European Parliament’s doner kebab bid defeated

A majority of European Parliament members on Wednesday voted in favor of banning phosphate additives in doner kebabs but could not collect enough votes to pass the proposal.

Needing an absolute majority of at least 376 votes in the general assembly, the legislation that concerns thousands of kebab-shop owners across Europe fell three votes short.

The European People's Party (EPP) group, which opposes the proposal, said banning phosphates in kebabs "was unjustified since the food additive is used in other foods as well".

The use of phosphate in meat products is banned by EU regulations.

However, doner kebabs -- defined by the EU as frozen vertical meat spits -- have not been listed in this legislation, therefore the European Commission had prepared a proposal to cover the Turkish cuisine.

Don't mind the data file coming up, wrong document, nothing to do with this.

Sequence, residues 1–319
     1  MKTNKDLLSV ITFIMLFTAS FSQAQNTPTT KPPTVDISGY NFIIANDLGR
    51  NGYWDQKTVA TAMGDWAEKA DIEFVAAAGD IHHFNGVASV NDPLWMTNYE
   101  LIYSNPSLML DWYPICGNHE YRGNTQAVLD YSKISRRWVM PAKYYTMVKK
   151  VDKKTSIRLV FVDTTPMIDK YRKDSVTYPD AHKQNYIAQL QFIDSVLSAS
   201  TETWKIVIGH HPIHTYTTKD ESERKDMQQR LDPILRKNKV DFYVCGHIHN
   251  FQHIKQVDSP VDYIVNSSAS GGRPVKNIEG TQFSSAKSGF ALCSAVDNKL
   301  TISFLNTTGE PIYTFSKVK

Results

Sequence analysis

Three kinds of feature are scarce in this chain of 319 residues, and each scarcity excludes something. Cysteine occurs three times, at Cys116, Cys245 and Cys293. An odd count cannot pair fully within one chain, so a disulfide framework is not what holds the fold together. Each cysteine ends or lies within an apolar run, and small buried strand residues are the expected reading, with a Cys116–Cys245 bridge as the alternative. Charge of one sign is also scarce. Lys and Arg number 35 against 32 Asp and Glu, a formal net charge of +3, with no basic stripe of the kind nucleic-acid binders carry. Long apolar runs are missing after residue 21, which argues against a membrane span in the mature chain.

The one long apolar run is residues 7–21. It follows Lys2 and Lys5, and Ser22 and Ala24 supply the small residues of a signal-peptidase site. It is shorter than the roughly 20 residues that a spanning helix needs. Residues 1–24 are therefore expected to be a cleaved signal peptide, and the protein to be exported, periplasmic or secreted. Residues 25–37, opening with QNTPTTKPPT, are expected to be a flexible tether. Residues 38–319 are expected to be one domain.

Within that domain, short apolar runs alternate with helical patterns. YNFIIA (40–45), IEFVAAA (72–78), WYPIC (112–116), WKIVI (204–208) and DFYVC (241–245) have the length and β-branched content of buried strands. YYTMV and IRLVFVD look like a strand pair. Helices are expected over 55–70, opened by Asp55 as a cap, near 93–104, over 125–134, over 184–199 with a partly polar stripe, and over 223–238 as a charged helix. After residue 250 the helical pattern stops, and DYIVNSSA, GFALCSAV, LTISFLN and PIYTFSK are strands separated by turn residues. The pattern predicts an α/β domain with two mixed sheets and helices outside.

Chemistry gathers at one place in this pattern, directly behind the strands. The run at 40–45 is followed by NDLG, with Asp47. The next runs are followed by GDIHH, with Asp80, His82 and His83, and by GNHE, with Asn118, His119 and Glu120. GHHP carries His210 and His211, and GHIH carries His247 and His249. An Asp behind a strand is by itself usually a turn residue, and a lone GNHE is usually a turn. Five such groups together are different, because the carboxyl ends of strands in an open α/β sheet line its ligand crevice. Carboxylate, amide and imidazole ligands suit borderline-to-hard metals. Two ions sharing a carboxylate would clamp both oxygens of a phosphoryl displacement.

The Commission stated that the use of phosphates is a technological need "to bind pieces of meat together, and allow them to thaw, and cook homogenously on a spit".

However, the proposal triggered trouble in the European Parliament last week when its health committee voted against it by 32-22.

The committee claimed the use of phosphate additives in kebab meat would lead to heart disease, although the Commission considered it would not affect consumer health.

Speaking to Anadolu Agency on Tuesday, Kenan Koyuncu of the German Association of Doner Kebab Producers said tens of thousands of people were employed in the multi-billion-euro industry in Europe.

Stating about 100,000 people are working in the $16.5 billion kebab industry, Koyuncu warned any decision would affect the whole economy.

The European Commission may submit new proposals on phosphate additives after the European Food Safety Agency releases a new study next year.

Source: Anadolu Agency